Here, the -a option specifies archive mode, which preserves permissions, ownership, and other file attributes, while the -v option enables verbose output so you can see the progress of the transfer. Now, Let’s see some complex use cases of rsync.

2. Synchronize files between Directories

To sync files in two directories without any conflicts, execute the following command.

$ rsync -av --delete /path/to/source/ /path/to/destination/

Note that we are also using the --delete option in this command to delete any file that is not present in the source directory. Overall, This command will synchronize the contents of the source directory with the destination directory, copying any new or updated files from the source to the destination, and deleting any files in the destination that are not in the source.

3. Backup Files to a Remote Server

If you want to back up your files on a remote server, rsync is easily do the job. Execute the following command to copy the files in a specific directory to a remote server.

$ rsync -avz /path/to/source/ user@remote:/path/to/backup/

Here, the “z” option in this command is used to compress the files while they are being transferred. By default, rsync will not compress the files. You can use the “z” option to enable the compression.

4. Sync directories while excluding specific files

To exclude specific files from copying, You can use the --exclude function of the rsync command. Here is the example.

$ rsync -av --exclude '*.log' /path/to/source/ user@remote:/path/to/destination/

When you execute this command, it will copy all the files from source to destination except all the log files.

5. Rsync with Progress Bar

You can also add the progress bar to your rsync execution. To do so, You just have to add --progress option while executing the command.

$ rsync -av --progress /path/to/source/ /path/to/destination/

This command will copy the files from the source directory to the destination directory, showing the progress of the transfer in real-time.

These are just a few examples of the many different use cases for the rsync command. By mastering the syntax and options of rsync, you can use this powerful tool to efficiently manage and transfer files in a wide range of scenarios.

Now, Let’s see some of the most important options available in rsync command to control the execution.

Most important Rsync Options

Rsync provides a lots of options with the utility itself. Here are some of the most commonly used options:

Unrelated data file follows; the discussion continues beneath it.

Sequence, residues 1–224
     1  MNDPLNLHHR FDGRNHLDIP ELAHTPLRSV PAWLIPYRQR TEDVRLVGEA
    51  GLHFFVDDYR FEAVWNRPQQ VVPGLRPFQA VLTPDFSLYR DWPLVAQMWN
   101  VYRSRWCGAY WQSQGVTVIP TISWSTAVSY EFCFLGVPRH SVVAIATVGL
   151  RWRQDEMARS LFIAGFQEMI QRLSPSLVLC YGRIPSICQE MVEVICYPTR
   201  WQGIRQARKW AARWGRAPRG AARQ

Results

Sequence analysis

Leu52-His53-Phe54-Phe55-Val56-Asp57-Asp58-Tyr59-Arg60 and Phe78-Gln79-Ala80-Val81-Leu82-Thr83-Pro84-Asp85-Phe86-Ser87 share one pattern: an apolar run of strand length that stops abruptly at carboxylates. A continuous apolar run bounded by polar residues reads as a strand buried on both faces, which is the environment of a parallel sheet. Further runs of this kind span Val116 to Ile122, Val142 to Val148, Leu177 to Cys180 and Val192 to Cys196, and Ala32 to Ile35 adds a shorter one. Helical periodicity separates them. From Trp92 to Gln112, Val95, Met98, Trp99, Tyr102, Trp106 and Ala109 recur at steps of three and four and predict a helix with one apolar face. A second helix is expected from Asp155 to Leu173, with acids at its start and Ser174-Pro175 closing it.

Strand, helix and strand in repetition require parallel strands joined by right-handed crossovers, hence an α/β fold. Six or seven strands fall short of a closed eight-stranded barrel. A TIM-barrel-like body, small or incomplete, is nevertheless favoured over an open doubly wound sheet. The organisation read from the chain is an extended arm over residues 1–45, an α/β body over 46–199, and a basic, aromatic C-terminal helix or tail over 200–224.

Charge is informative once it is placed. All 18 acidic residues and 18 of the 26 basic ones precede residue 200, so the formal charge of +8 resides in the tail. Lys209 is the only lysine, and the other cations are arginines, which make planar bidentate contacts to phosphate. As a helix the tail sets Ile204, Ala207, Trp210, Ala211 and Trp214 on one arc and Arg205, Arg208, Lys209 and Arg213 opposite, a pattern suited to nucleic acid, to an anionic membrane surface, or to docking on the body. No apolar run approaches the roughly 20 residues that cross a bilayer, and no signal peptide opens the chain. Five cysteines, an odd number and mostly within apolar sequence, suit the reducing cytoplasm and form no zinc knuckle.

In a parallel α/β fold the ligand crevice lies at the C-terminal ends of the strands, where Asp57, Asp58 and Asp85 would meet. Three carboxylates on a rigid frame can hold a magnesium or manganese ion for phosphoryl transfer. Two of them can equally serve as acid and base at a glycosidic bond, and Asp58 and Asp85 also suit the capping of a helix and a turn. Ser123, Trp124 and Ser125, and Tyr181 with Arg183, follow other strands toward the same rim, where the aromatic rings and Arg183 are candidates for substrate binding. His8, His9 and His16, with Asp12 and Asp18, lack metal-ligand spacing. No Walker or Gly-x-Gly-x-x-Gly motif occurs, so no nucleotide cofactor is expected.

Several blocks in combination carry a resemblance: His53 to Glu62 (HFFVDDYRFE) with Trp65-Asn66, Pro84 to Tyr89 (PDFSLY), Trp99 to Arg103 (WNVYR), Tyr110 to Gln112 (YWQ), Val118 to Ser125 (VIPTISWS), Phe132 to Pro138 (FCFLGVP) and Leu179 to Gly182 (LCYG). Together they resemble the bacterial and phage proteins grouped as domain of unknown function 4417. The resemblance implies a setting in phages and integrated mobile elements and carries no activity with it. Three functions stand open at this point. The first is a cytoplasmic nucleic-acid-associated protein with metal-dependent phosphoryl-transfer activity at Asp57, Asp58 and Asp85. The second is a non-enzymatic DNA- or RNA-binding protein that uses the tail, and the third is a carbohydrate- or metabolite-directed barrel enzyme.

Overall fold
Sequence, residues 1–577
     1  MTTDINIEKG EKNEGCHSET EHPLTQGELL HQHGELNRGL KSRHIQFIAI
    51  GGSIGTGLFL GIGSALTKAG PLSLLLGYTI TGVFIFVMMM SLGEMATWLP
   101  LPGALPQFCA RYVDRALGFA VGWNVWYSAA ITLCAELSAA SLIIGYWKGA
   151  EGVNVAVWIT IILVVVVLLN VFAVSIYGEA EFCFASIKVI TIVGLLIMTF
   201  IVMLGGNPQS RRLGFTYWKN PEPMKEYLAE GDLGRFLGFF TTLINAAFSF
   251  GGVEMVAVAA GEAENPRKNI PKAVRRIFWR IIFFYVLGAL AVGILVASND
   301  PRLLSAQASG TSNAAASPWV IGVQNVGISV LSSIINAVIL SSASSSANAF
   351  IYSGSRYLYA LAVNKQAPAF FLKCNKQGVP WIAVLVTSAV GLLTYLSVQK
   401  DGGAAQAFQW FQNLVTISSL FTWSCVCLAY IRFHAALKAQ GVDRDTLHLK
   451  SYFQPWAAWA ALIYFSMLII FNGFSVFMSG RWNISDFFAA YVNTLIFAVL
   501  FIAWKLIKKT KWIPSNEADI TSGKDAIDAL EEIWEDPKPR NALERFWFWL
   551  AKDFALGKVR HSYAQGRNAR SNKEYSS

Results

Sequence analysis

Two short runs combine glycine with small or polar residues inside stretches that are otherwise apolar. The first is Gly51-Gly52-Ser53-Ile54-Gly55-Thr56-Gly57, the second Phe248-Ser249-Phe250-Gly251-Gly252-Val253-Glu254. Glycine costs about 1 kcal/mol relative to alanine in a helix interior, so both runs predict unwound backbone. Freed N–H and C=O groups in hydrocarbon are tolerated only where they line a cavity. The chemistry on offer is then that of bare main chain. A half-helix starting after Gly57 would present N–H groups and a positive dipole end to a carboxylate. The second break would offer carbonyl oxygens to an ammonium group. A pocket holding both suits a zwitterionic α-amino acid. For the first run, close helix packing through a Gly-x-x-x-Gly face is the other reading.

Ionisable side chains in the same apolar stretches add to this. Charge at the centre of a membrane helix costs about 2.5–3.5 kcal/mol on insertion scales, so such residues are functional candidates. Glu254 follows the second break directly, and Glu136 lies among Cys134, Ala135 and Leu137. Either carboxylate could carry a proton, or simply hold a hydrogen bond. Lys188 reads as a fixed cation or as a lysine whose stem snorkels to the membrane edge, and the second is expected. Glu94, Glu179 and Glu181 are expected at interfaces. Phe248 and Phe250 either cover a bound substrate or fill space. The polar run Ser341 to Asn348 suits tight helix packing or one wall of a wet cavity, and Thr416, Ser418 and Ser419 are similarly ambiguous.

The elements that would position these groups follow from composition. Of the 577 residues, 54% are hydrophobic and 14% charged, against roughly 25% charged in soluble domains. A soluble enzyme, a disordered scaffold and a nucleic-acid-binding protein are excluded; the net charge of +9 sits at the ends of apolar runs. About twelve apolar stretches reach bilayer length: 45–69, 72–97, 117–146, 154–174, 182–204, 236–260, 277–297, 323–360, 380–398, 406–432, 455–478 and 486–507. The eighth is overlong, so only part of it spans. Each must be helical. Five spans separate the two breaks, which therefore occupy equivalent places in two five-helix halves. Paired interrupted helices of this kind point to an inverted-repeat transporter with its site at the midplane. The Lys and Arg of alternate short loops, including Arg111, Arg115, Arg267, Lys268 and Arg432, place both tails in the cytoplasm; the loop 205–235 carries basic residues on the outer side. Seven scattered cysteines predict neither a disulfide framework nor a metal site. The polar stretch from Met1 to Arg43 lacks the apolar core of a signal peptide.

1. -a or --archive: This option is used to archive files and directories, preserving all of their permissions, ownership, timestamps, and other attributes. This is often used when making backups or migrating data between systems.
  2. -v or --verbose: This option enables verbose output, showing detailed information about the progress of the transfer, including the names and sizes of files being transferred.
  3. -n or --dry-run: This option simulates an rsync transfer, showing what would happen if the command were run without actually making any changes to the source or destination.
  4. -r or --recursive: This option enables recursion, allowing rsync to copy directories and their contents recursively.
  5. -u or --update: This option skips files that already exist in the destination and are newer than their counterparts in the source. This can be useful when syncing large directories where only a few files have changed.
  6. --delete: This option deletes files from the destination that are not present in the source. This is useful for keeping two directories in sync, and can be combined with other options like -a and -r.
  7. -h or --human-readable: This option enables human-readable output, showing file sizes in a more easily understandable format (e.g. “10 MB” instead of “10485760”).
  8. -P or --partial --progress: This option enables partial transfers and progress reporting, allowing rsync to resume partially completed transfers and show progress information during the transfer.
  9. -i or --itemize-changes: This option shows a detailed list of the changes that rsync would make during a transfer, including new, deleted, and modified files.

These are just a few of the many options available in rsync. By understanding and using these options effectively, you can customize rsync to meet your specific needs and efficiently transfer data in a wide range of scenarios. If you want to learn more options, You can use man command in your Linux machine.


In conclusion, rsync is a powerful and versatile command-line tool for efficiently transferring data between systems. With its wide range of options and capabilities, rsync can be used for a variety of use cases, from backing up important files to synchronizing large directories and even deploying software to remote servers.

By understanding the syntax and options of the rsync command, users can take advantage of its many features to optimize data transfers for their specific needs. Whether you are a system administrator managing a large network or a home user looking to keep your files in sync between devices, rsync provides a flexible and reliable solution for efficient data transfer.

While the rsync command can be complex and intimidating at first, with practice and experimentation, users can become proficient in its use and take advantage of its full capabilities. We hope this tutorial has been helpful in introducing you to rsync and providing guidance on how to use it effectively.

Leave a Reply